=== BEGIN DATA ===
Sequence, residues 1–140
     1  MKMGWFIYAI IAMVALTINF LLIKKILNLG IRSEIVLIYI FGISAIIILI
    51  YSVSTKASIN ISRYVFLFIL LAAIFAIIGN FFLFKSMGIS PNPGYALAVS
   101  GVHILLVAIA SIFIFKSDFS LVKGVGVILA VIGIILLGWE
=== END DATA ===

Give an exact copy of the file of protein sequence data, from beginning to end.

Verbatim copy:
Sequence, residues 1–140
     1  MKMGWFIYAI IAMVALTINF LLIKKILNLG IRSEIVLIYI FGISAIIILI
    51  YSVSTKASIN ISRYVFLFIL LAAIFAIIGN FFLFKSMGIS PNPGYALAVS
   101  GVHILLVAIA SIFIFKSDFS LVKGVGVILA VIGIILLGWE